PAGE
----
What? Inflation?

Thursday, June 07, 2007 | 06:46 AM

Okay, so here's the "Official" explanation: the selloff over the past few days is courtesy of this new-fangled discovery called INFLATION. That's why rates have ticked higher.

You see, we have been living in a benign non-inflationary environment, and just yesterday, it seems that some traders have discovered that -- WTF?! -- prices of goods and services are rising.

Of course, many pundits, traders and investors -- and a goodly part of the Federal Reserve -- have convinced themselves that there really wasn't any inflation, so long as we wear blinders and ignore those pesky goods and services like Food and Energy. You know, those annoying items utterly necessary for survival.

That's been the f@#ktard explanation, anyway. If you believe it, though, you must be living in a cave -- which given the market for bat guano and stalagtites, probably has achieved the elusive Fed goal of price stability.

Bill King notes that:

For April 2007, the monthly food cost is $1044.80 for average family of four, per the USDA.

For April 2006, the monthly food cost is $995.40 for average family of four.  Ergo y/y food inflation is 4.963% according to the USDA.

The BLS has ‘food’ inflation (urban) at only 3.7% y/y (unadjusted) for April 2007. Ergo, there is a 34% discrepancy in food inflation reporting between US Government Agencies – the USDA and BLS.

This story from May 24, 2007
went largely unnoticed:  Reuters reports, “The Federal Reserve's adherence to core inflation, which strips out food and energy prices, is taxing the public's patience and  risks credibility, a senior U.S. central banker said on Thursday.

‘In the United States over the last 20 years, core measures excluding food and energy did take out a lot of noise. But in the last three years it has been extracting quite a bit of signal,’ said Harvey Rosenblum, head of research at the Federal Reserve Bank of Dallas.”
( emphasis added)

Meanwhile, the rest of the world continues to raise their interest rates to fight inflation.


The Chicago Sun-Times was kind enough to include this table of food price increases:



Here's a sampling of where food prices are heading across the nation:

National average prices April 2007 April 2002 April 1997
White bread (pound) $1.20 $1.00 $.86
Ground beef (pound) $2.25 $1.78 $1.38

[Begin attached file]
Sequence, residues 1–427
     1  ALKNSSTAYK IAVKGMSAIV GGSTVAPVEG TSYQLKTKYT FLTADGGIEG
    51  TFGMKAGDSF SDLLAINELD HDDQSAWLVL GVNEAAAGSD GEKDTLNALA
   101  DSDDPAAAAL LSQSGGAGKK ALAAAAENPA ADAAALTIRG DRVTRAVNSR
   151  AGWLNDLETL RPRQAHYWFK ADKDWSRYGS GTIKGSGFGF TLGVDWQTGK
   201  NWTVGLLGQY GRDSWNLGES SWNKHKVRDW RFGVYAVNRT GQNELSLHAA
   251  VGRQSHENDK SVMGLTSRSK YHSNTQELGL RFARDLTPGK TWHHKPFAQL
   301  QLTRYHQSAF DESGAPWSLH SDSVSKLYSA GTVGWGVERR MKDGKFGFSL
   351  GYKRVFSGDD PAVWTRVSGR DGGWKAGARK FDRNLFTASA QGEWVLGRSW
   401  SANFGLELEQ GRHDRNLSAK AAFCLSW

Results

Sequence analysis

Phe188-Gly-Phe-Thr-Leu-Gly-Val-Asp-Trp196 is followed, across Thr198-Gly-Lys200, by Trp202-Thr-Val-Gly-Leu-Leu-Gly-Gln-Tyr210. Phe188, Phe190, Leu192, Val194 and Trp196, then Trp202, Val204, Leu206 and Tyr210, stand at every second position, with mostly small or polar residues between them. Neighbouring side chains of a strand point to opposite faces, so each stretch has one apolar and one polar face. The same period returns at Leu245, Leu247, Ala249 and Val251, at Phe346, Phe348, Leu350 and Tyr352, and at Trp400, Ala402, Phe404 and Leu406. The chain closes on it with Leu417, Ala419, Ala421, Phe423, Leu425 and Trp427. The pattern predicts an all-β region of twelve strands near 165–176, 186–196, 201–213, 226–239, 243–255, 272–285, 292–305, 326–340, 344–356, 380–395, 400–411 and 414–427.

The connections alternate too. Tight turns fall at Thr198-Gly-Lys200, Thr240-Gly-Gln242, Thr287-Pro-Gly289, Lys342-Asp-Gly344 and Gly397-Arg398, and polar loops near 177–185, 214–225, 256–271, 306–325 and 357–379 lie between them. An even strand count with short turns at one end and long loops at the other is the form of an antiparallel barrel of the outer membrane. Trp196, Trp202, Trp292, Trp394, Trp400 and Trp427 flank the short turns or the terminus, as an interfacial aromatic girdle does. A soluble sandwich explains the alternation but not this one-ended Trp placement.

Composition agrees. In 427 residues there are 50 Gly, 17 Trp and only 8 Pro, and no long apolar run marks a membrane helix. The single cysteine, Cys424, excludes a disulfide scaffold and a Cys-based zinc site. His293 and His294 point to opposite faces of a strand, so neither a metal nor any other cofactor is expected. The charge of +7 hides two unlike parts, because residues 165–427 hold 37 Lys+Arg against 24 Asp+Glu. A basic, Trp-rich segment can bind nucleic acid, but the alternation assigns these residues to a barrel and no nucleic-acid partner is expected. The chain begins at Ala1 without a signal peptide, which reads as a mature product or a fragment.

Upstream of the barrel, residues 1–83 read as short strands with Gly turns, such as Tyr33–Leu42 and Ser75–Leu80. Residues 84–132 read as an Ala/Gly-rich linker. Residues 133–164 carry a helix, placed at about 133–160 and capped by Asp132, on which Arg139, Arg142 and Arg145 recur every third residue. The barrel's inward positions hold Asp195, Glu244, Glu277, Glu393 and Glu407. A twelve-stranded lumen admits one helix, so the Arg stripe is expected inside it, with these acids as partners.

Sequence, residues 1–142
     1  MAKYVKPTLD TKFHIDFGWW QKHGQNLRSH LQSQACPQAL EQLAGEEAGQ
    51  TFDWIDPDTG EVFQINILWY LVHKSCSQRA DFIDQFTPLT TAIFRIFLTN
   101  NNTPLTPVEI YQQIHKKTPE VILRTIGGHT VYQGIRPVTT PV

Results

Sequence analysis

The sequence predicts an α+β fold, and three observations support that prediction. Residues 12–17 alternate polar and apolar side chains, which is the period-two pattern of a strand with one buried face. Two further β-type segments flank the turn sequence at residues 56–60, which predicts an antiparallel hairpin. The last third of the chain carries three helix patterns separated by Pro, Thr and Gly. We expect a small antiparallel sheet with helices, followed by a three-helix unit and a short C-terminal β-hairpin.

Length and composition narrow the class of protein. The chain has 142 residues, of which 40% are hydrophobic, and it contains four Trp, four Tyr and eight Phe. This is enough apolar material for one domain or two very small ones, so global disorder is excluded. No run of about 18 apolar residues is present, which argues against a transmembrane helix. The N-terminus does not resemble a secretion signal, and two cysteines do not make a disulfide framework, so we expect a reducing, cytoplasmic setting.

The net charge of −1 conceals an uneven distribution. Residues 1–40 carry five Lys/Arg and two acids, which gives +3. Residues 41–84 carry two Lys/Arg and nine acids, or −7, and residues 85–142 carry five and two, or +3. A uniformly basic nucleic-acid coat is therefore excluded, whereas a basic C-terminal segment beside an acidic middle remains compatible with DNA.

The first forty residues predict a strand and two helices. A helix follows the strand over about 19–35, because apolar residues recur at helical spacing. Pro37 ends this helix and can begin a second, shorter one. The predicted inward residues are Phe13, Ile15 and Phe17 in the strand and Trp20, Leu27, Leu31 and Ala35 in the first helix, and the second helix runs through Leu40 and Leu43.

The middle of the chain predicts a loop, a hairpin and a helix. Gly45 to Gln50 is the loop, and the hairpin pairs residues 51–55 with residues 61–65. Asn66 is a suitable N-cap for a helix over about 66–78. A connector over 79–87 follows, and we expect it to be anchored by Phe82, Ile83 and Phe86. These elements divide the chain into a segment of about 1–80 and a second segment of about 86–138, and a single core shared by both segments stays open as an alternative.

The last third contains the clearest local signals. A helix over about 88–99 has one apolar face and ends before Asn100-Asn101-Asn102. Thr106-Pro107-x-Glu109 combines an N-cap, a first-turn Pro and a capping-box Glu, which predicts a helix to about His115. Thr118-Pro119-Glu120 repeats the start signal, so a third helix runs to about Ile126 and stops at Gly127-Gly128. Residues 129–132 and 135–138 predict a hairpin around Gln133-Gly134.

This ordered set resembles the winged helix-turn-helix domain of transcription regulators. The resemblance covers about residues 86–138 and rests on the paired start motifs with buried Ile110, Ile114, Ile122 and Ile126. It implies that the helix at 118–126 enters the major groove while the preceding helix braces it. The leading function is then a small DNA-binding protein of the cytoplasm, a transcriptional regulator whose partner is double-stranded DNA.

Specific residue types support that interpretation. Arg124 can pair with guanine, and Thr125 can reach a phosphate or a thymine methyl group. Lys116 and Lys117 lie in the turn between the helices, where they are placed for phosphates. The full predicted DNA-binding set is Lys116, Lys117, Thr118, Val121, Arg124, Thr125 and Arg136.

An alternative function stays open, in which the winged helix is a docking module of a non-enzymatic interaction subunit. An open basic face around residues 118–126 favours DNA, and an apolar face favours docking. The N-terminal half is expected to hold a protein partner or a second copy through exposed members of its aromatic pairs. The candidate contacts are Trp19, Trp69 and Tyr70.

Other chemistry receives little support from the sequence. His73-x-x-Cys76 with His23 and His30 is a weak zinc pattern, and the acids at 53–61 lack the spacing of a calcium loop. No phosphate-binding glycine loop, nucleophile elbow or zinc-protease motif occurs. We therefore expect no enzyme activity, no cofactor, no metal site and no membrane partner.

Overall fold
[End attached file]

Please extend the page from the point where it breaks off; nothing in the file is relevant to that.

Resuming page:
Bacon (pound) $3.50 $3.26 $2.66
Whole chicken (pound) $1.12 $1.11 $1.00
Eggs (dozen) $1.62 $1.05 $1.08
Milk (gallon) $3.14 $2.78 $2.61
Butter (pound) $2.86 $3.20 $2.18
Ice cream (half gallon) $3.79 $3.72 $2.90
Red delicious apples (pound) $1.10 $.91 $.90
Bananas (pound) $.52 $.50 $.52
Navel oranges (pound) $1.24 $.75 $.60
Iceberg lettuce (pound) $.99 $1.15 $.67
Tomatoes (pound) $1.63 $1.32 $1.35
Frozen orange juice (12 oz.) $2.52 $1.89 $1.73
Sugar (pound) $.51 $.44 $.44
Peanut butter (pound) $1.75 $1.98 $1.81
Coffee, ground roast (pound) $3.44 $2.98 $3.89
Potato chips (16 oz.) $3.48 $3.29 $3.18

Source: U.S. Department of Labor, Bureau of Labor Statistics




Blame your bill on corn, weather
Chicago Sun-Times, June 6, 2007

Labor Costs Get Hard to Control
WSJ, June 7, 2007; Page A2 

Core inflation testing Fed credibility -Dallas Fed
Alister Bull
Reuters, Thu May 24, 2007 5:29PM EDT

Years of Global Growth Raise Inflation Worries
WSJ, June 6, 2007; Page A1

Bernanke's Sense for Now: Hands Off
WSJ, June 6, 2007; Page A2   

Thursday, June 07, 2007 | 06:46 AM | Permalink | Comments (52) | TrackBack (2)
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» Inflation and the Fed from Quantitative Contemplations
I agree with Barry regarding the many pundits, traders, and investors that have convinced themselves that there really wasn't a reason to worry about inflation (just look at the stock market action of the past few months), but I disagree that many Fede... [Read More]

Tracked on Jun 7, 2007 10:04:58 PM

» It's A Low, Low, Low, Low Medium-Rate World from The Big Picture
I would be remiss in my duties if I failed to point out that this recent run up in yields -- fundamental explanation here -- occurred a few short months after the cover of BusinessWeek declared: It's A Low, Low, Low, Low-Rate World Back in November, I ... [Read More]

Tracked on Jun 9, 2007 2:13:09 PM


"Inflation is the cruelest tax of all" (quote yet do not have source) that impacts those with less income in a manner greater than those with great incomes. I too am growing tired of the constant droning from government officials that is in fact intellectually dishonest especially with inflation.

Some examples -

1 - Inflation reality vrs inflation reported when food and energy is included.
2 - Unemployment including structural unemployed, those left workforce on a permanent basis and the uncounted illegal workers that are not longer working. (Illegal worker comment supported by Latin American remittance that are weakening - less employment less remittance back home)is greater when the definition is expanded.
3 - GDP Estimate by current White House Team "Still strong, rebounding and estimated growth rates of 2006 for each of the remaining quarters. Really...I guess the LEI are telling that story? Hummm....cough, cough...
4 - Housing and the REVERSE wealth effect will not impact consumer spending. Humm...Seems to me the argument was made the other way when home prices surged.

So, I put all this together with the Food prices and all of this validates that one must think for themselves as well as read the core data without the spin cycle.

Posted by: Jrs | Jun 7, 2007 8:25:32 AM

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